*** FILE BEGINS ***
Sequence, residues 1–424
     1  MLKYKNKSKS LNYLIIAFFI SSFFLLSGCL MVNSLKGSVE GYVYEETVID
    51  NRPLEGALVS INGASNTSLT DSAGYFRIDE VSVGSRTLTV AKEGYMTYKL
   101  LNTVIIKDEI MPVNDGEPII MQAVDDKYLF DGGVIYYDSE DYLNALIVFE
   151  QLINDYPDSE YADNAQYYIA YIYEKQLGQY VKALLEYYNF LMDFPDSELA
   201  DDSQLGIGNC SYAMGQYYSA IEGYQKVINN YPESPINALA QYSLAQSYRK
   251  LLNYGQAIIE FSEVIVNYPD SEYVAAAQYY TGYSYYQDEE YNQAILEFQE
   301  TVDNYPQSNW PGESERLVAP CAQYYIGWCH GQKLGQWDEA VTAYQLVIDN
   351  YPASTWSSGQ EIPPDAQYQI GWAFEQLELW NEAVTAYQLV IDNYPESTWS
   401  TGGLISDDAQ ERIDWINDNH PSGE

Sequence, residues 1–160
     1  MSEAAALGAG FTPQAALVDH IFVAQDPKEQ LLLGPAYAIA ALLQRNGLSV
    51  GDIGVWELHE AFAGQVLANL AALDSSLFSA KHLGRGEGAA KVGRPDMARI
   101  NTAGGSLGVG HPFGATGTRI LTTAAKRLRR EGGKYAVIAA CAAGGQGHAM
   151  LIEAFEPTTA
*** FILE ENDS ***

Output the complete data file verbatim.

Sequence, residues 1–424
     1  MLKYKNKSKS LNYLIIAFFI SSFFLLSGCL MVNSLKGSVE GYVYEETVID
    51  NRPLEGALVS INGASNTSLT DSAGYFRIDE VSVGSRTLTV AKEGYMTYKL
   101  LNTVIIKDEI MPVNDGEPII MQAVDDKYLF DGGVIYYDSE DYLNALIVFE
   151  QLINDYPDSE YADNAQYYIA YIYEKQLGQY VKALLEYYNF LMDFPDSELA
   201  DDSQLGIGNC SYAMGQYYSA IEGYQKVINN YPESPINALA QYSLAQSYRK
   251  LLNYGQAIIE FSEVIVNYPD SEYVAAAQYY TGYSYYQDEE YNQAILEFQE
   301  TVDNYPQSNW PGESERLVAP CAQYYIGWCH GQKLGQWDEA VTAYQLVIDN
   351  YPASTWSSGQ EIPPDAQYQI GWAFEQLELW NEAVTAYQLV IDNYPESTWS
   401  TGGLISDDAQ ERIDWINDNH PSGE

Sequence, residues 1–160
     1  MSEAAALGAG FTPQAALVDH IFVAQDPKEQ LLLGPAYAIA ALLQRNGLSV
    51  GDIGVWELHE AFAGQVLANL AALDSSLFSA KHLGRGEGAA KVGRPDMARI
   101  NTAGGSLGVG HPFGATGTRI LTTAAKRLRR EGGKYAVIAA CAAGGQGHAM
   151  LIEAFEPTTA